Counterpoint: Wrath Saved WoW Raiding

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This is a guest post by Thespius, a raiding Priest and blogger of Healer By Nature.

With all of the talk going around that Wrath of the Lich King made things significantly easier and therefore "killed the game", I wanted to bring another perspective into the mix.  I believe that Wrath SAVED WoW.  Yes, that’s right, I said it.  I’m happier playing WoW now that the game has changed.

I will whole-heartedly agree that the difficulty level has dropped in the end-game content.  I was never around for Vanilla WoW, but my share of SSC/TK content and the little I saw of Black Temple was daunting.  My favorite fight to date?  Leotheras the Blind.  Getting 25 people to move away from his whirlwinds and not DPS until the tank reacquired aggro was one of the toughest things to do.  Having to force healers to DPS their own doppelgangers down was priceless.  A tank that wasn’t a druid, warrior, or paladin?  SO much fun.

By comparison: Toughest boss in Naxxramas? Heigan the Unclean.

(Pause for laughter)

I know, right?  Personally, I still don’t see the hard part about avoiding the lava waves, or helping to cleanse diseases. 

When I look back to the BC days, if I wanted to try to get a newly-minted 70 friend into raids with me, we had to run him through Karazhan, Gruul’s Lair, and Magtheridon’s Lair.  CONSTANTLY.  If I needed to take a break from WoW for a bit for work, school or family, I might as well /gquit.  I saw tons of people take holidays back in Karazhan.  When they saw the work needed to get up to SSC/TK levels, they ended up quitting altogether.  The condensing of difficulty into smaller bite-sized pieces makes the process of "catching up" a lot less daunting, thereby reassuring players that it’s OKAY if life gets in the way at times.

With "gearing up" a breeze, guilds can actually afford the "selectiveness" with which to form their raid team.  Elite raiding guilds in BC ideally had one requirement: gear.  If you had the right gear to enter SSC, you were good to go.  We were all compartmentalized by our gear.  It was as if we all came with little tags on us that said "put me here."  On my server, those with the correct gear were in short supply.  In those situations, you have to disqualify other pre-requisites such as team-oriented, ability to adapt, or the skill to actually play your class.  Few guilds back then (in my experience) rarely looked at your actual personality.  They looked at your contribution to the overall DPS, instead of your contribution to the actual raiding core.  "No amount of gear can upgrade a poor personality," I always like to say.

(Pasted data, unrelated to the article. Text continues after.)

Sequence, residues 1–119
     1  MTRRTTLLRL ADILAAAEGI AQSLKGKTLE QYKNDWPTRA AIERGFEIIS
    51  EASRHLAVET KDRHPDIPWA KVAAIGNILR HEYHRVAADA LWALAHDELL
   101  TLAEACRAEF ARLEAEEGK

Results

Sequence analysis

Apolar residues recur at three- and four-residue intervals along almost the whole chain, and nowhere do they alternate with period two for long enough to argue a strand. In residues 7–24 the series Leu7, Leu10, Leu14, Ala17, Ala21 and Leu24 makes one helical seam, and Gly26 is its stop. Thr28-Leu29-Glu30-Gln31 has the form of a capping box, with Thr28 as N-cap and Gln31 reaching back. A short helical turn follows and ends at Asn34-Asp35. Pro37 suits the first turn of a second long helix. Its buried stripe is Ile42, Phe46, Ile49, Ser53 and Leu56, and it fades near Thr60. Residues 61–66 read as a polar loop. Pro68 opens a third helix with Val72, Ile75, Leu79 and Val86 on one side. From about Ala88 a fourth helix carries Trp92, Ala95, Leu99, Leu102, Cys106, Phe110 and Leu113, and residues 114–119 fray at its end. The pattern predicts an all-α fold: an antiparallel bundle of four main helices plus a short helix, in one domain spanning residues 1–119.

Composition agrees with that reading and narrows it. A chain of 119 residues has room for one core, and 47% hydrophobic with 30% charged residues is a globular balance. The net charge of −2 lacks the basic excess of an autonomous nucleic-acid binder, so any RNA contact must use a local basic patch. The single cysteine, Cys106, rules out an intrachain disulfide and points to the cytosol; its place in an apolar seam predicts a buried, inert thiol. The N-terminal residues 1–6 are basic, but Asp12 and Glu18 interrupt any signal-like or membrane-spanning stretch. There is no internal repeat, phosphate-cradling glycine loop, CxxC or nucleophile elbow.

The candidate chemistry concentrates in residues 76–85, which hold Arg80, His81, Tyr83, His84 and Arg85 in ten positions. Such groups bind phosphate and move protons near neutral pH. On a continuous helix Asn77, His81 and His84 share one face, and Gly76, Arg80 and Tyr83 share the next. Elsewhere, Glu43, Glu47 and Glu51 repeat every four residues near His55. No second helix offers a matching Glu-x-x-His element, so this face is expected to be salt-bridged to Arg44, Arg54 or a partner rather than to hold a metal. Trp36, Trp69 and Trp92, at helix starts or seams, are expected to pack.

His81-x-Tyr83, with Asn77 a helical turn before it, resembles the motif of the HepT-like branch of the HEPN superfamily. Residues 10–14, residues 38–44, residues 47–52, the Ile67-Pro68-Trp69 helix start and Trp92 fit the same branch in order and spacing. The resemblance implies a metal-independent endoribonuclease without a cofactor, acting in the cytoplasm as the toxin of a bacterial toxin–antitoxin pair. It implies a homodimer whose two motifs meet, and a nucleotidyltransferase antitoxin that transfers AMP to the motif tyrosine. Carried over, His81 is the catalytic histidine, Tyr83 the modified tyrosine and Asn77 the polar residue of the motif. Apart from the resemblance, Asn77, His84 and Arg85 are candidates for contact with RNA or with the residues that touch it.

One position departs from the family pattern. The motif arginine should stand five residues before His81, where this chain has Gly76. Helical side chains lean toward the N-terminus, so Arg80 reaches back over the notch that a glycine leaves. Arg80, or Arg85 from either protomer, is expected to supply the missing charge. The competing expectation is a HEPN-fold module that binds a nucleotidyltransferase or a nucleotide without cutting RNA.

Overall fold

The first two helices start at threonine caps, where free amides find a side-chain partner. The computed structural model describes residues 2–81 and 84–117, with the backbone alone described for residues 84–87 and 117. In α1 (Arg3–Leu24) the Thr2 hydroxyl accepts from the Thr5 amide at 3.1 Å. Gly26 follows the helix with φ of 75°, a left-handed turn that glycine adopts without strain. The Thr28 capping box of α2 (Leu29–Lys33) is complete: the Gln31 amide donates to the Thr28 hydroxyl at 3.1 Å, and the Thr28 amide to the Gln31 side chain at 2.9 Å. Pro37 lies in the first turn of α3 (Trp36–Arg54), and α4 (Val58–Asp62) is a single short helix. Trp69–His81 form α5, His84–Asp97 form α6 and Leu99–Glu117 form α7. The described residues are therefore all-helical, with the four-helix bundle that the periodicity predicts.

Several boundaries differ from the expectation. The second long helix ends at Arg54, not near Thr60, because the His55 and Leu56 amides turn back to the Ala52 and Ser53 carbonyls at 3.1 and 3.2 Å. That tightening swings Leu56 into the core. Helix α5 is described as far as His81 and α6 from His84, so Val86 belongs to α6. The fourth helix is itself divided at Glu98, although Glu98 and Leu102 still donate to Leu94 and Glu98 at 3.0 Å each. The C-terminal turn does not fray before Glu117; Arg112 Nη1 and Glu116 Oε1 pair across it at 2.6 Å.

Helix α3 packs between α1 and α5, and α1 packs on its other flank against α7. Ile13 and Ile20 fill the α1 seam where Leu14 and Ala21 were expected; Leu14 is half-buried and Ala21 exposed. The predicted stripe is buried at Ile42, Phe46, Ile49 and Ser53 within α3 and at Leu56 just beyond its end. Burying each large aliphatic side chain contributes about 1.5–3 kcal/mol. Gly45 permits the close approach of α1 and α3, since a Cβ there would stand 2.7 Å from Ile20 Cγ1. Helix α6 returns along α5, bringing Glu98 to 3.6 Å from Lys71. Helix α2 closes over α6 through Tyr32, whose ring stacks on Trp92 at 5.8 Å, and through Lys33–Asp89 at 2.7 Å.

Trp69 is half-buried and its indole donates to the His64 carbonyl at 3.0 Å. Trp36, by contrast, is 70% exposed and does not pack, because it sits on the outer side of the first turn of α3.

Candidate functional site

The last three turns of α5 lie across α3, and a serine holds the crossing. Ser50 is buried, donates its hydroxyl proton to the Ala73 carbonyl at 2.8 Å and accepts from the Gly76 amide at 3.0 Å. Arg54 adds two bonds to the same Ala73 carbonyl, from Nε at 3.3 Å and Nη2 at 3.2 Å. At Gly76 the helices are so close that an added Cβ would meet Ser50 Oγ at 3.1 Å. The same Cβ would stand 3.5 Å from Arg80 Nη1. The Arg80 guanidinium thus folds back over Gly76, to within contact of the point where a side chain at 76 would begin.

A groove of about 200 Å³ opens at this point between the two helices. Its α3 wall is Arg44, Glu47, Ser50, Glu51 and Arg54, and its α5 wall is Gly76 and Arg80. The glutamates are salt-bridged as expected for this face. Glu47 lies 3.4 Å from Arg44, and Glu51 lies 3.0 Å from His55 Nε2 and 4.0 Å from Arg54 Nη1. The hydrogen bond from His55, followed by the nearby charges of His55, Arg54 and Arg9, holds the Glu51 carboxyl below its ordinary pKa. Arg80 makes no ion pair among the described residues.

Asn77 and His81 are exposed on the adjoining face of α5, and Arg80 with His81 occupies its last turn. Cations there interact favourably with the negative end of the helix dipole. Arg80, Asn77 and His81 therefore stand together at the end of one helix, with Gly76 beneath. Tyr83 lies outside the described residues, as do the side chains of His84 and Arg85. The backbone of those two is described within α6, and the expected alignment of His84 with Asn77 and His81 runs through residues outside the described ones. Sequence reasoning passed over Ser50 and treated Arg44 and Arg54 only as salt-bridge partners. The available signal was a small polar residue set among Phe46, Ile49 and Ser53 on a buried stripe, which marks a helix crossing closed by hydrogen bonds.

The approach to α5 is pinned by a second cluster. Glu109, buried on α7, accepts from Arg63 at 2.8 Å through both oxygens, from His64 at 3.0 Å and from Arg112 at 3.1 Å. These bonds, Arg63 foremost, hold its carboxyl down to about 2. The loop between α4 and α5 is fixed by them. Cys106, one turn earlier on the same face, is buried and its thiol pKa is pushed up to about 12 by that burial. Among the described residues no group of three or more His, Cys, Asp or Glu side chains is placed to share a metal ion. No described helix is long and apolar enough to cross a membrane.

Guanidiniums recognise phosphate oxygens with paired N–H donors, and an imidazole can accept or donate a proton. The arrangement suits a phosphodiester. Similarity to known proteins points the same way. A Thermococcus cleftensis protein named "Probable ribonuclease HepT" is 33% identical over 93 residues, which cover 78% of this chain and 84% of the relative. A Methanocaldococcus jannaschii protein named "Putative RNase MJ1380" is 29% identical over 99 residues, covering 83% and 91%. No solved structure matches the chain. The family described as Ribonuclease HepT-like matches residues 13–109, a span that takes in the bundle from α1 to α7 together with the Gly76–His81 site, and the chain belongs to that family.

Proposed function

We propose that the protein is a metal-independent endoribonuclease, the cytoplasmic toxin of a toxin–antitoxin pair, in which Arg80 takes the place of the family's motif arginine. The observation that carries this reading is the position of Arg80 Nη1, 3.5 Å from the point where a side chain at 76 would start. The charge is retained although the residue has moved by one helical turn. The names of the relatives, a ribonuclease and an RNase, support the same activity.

Now, if a friend, family member or co-worker just hit 80 and you want to bring them along in your 10man ToC team, it doesn’t take too long to get them up to speed.  Vault of Archavon, Onyxia, Heroic Dailies, Triumph Emblems are all viable (and quick) ways to get your selected raider up to speed.  Instead of dealing with geared raiders that don’t listen or cooperate, now you can get people you trust geared quickly to join you.  Thus, you make your team THAT much better than you would’ve been able to back in BC. 

The 10man vs. 25man debate comes into question as well.  I’ve heard the argument that making content accessible to 10mans has made the content too easy, since it’s supposed to be accomplished by less people.  This is true.  10 people would have a hard time clearing content only designed for 25.  Follow my logic:

  • In BC, getting a bonafide 25man raid together was tough. Coordinating 10mans in WotLK is much easier.
  • More guilds get the chance to see, experience and progress the 10man content.
  • 10man content is not drastically different than 25man.\
  • If you need to look for someone to fill in for an absent raider in your 25man, you’ve now got a bigger pool of available people who know the fights.
  • From this bigger pool, you can be more selective (like how I brought it all together?) of who you bring along. 

This transition into WotLK made it that much easier for you to form your raid team, even from your own realm.

And last, but not least, WotLK has made it more interesting for off-raid nights.  The guild I raid with runs 3 nights each week.  We primarily do 25mans but will do 10man content on occasion for hard mode experience.  On the off-nights, we can do other 10man content, "The Daily", even slightly lower content for Conquest Emblems.  Maybe a raider needs that vendor ring to replace his/her ilevel 200 one.  Instead of waiting for the next full raid night, you can be proactive in getting your other raiders up to par.

Overall, I believe WotLK has helped WoW’s raiding base.  Utilizing hard modes and bosses like Algalon, it provides a tough challenge for the hardcore raiders.  For the casuals or the "hardcore casuals" (as I like to call myself), it affords us the experience and ability to sub in or even start our own group of like-minded individuals who pay their $15/month just like everyone else.  Getting ready to raid is no longer an arduous process.  Less time focused on gearing, and more time focused on actual raiding.

About Matticus

Matticus is the founder of World of Matticus and Plus Heal. Read more of his columns at WoW Insider. League of Legends player. Caffeine enthusiast.